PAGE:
Developmental Disorders and Language
Presenter: Helen Tager-Flusberg, Ph.D.
Characterizing the Language Deficits in Autism: Is There Overlap with Other Syndromes?
For over a decade, research on language and communicative impairments in autism have focused on deficits in the area of pragmatics. This work has explored pragmatic deficits that are universal among individuals with autism and are specific to this syndrome. Theoretically, these deficits have been interpreted as being related to deficits in theory of mind--the inability of children with autism to interpret other people as having mental states (such as intentions, desires, or beliefs) that are causally related to their actions. The first part of my talk summarizes this work. At the same time, during this period, deficits in other aspects of language that are evident in many children with autism have been ignored by researchers. I will summarize recent studies we have completed that have systematically investigated phonological, lexical, and grammatical abilities in a large group of children with autism. The findings suggest that there is a subgroup of children with autism that has significant impairments in these aspects of language. The profile of language deficit in this subgroup mirrors the profile for specific language impairment (SLI). Furthermore, this autistic group shows the same deficits on the two primary clinical markers for SLI: non-word repetition and tense marking in obligatory contexts. Discussion of these findings focuses on the hypothesis that autism and SLI represent overlapping disorders. Evidence in support of this is drawn from genetic and family studies.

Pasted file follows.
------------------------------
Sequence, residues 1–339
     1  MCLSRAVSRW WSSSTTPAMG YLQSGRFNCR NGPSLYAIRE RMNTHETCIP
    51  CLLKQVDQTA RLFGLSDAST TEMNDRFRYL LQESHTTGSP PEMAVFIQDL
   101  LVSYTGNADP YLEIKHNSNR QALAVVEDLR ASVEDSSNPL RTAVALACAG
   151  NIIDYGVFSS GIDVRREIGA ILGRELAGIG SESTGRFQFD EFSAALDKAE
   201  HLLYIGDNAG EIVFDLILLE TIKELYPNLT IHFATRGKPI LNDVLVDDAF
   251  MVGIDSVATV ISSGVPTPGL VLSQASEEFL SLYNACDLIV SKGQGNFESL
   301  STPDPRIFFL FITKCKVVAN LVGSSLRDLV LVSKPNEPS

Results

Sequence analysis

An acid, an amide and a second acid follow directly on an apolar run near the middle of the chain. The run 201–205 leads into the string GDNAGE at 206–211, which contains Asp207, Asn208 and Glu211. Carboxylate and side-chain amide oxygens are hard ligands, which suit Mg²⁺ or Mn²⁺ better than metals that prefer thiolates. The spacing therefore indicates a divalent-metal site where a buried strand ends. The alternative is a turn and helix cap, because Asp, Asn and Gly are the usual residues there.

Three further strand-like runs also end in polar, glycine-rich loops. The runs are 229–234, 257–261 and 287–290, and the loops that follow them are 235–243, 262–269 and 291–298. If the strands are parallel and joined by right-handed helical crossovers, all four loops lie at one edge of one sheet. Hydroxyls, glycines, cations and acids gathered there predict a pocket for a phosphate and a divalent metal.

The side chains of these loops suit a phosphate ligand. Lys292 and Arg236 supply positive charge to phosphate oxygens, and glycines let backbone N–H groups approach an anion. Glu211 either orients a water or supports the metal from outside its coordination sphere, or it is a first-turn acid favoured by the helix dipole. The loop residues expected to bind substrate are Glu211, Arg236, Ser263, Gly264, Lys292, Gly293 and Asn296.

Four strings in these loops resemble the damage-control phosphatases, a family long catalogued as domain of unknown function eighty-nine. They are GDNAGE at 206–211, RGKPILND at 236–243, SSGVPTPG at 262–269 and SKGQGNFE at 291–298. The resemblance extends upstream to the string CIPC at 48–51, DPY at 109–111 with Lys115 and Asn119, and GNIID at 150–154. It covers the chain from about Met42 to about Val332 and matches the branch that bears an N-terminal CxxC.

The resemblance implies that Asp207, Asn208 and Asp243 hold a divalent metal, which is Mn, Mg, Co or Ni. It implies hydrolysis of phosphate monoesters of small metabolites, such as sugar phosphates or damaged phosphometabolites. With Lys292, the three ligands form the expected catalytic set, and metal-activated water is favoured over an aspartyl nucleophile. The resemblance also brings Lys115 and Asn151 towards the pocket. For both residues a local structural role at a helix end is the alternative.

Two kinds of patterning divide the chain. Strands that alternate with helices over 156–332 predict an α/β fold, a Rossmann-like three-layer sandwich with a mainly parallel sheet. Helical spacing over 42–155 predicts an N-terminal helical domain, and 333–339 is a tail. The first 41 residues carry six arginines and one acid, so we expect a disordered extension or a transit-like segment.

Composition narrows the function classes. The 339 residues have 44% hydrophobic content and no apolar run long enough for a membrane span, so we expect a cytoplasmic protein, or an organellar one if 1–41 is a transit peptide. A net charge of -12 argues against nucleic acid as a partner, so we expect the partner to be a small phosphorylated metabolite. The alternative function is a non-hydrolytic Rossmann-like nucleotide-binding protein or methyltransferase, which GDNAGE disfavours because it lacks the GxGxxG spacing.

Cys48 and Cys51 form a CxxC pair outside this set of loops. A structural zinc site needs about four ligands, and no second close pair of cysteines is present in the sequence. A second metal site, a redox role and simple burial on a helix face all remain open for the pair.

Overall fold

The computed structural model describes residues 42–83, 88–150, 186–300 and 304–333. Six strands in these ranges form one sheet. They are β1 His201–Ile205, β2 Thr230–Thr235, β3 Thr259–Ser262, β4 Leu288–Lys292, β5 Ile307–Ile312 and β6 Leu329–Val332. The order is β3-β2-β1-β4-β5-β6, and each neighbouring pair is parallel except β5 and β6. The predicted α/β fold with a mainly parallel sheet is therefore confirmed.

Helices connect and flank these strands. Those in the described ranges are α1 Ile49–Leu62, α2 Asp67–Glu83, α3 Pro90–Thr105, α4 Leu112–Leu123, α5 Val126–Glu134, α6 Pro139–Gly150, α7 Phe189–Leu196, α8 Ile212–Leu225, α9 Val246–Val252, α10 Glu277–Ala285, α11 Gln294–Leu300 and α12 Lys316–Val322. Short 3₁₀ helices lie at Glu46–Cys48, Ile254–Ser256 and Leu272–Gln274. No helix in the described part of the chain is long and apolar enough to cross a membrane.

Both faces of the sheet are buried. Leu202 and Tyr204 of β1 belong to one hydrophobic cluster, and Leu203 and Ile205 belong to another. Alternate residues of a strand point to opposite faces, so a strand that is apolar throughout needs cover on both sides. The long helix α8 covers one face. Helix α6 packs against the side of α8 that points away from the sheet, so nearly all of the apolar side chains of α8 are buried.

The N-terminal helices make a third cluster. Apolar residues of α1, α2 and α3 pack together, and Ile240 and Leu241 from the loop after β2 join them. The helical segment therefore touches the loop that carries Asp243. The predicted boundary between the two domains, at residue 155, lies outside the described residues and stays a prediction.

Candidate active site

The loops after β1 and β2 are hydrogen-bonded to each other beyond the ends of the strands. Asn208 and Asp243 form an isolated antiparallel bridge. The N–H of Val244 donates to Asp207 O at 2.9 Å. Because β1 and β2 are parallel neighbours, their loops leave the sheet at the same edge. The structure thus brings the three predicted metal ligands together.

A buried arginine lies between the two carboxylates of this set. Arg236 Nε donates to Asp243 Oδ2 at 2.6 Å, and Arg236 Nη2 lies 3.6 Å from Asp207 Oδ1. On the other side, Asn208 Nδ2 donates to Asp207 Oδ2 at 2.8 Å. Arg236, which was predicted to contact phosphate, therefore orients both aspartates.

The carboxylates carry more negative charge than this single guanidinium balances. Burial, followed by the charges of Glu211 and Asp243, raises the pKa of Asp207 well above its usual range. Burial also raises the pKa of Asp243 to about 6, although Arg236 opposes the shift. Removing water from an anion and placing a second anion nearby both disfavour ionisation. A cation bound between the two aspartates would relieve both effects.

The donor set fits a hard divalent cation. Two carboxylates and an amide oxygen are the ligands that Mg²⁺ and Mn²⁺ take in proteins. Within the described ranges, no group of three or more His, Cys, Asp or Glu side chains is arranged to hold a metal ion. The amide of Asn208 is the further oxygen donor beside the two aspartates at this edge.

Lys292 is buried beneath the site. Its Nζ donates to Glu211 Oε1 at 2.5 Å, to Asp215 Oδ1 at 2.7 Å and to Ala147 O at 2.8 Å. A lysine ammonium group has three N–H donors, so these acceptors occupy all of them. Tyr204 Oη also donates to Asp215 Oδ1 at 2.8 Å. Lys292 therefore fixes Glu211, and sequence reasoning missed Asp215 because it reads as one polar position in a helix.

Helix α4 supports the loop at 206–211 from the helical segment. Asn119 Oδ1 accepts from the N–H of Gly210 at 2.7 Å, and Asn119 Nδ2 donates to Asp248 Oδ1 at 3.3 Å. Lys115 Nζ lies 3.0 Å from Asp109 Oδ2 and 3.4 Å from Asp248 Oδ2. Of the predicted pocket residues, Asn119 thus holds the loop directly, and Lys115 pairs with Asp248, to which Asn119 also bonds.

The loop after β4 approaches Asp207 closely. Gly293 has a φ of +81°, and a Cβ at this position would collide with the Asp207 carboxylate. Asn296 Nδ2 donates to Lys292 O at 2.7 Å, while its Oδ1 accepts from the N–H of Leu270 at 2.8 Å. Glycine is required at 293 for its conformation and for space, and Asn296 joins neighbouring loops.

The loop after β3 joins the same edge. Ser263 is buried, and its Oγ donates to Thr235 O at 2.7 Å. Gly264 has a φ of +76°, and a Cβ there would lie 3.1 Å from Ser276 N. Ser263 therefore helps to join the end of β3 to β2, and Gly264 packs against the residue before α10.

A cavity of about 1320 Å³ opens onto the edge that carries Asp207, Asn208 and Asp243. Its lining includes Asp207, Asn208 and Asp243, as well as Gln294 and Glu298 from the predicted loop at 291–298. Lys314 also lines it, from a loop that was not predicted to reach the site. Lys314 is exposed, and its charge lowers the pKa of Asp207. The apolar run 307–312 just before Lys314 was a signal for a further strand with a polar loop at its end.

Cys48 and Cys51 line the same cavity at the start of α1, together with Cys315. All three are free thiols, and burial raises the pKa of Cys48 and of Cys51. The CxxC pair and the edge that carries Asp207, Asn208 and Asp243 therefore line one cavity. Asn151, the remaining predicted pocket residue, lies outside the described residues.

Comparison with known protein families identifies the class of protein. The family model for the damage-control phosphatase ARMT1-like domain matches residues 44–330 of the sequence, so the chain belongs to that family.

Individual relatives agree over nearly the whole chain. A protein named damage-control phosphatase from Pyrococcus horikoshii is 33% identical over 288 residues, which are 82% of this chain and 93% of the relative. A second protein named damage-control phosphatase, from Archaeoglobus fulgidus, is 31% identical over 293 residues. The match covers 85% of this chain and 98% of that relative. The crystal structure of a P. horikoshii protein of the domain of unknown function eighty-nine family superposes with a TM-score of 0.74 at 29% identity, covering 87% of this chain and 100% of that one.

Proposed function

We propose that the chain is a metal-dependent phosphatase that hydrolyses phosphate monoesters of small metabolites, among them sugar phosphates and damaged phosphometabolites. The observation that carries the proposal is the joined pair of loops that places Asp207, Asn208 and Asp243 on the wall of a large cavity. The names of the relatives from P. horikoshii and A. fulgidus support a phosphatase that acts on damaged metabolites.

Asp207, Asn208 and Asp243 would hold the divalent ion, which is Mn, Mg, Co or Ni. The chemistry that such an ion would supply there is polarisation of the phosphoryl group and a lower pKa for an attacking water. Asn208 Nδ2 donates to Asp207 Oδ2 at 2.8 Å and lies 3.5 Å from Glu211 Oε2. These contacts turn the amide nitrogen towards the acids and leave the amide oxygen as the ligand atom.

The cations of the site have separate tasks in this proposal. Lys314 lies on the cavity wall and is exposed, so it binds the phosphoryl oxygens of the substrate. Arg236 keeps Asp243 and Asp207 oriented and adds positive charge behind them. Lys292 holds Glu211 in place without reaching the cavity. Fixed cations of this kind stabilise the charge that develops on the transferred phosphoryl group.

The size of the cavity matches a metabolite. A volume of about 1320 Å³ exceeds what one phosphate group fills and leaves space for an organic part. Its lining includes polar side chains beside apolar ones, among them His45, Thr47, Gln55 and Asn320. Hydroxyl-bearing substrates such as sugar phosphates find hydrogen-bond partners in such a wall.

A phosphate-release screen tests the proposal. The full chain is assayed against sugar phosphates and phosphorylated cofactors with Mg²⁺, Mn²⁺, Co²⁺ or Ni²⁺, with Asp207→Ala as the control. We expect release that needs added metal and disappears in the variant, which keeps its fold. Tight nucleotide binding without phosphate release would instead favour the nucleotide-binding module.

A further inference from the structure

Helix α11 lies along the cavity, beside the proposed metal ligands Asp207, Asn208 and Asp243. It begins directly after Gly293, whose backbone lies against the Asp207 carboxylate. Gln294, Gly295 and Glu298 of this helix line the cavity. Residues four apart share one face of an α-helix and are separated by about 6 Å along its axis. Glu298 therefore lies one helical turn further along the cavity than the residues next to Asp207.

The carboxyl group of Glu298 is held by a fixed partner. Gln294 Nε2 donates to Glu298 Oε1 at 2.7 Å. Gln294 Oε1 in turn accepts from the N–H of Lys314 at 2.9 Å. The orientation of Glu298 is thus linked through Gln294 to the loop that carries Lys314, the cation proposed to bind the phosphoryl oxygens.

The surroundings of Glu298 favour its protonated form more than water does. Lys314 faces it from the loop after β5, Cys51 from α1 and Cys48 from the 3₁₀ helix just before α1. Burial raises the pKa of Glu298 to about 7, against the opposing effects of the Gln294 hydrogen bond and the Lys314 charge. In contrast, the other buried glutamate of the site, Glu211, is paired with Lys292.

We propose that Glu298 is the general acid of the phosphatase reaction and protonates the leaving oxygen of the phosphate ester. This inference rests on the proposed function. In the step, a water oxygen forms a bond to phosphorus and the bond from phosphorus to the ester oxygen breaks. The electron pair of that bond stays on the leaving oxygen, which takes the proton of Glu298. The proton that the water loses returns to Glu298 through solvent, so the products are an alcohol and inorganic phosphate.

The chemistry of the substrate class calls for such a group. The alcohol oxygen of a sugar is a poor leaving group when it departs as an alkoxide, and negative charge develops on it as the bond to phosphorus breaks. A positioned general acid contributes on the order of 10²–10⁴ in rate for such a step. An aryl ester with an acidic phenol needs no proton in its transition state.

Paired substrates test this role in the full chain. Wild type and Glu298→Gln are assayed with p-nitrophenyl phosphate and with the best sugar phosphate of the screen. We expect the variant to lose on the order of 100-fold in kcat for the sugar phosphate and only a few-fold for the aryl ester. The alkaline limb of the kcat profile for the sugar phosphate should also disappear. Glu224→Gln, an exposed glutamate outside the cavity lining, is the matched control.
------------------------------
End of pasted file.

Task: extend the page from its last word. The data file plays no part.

Dr. Tager-Flusberg received her doctorate from Harvard University in 1978. Since that time she has been on the faculty in the Department of Psychology at the University of Massachusetts in Boston, where she now holds the position of Professor of Psychology. She also holds an appointment as Adjunct Professor of Psychiatry at the University of Massachusetts Medical School/Eunice Kennedy Shriver Center. Dr. Tager-Flusberg's research focuses on language, cognitive, and social functioning in children with genetically-based developmental disorders, especially autism, specific language impairment, and Williams syndrome, with particular interest in how these aspects of cognition are related to one another and to the underlying neurobiological pathology and the genetic bases of these disorders.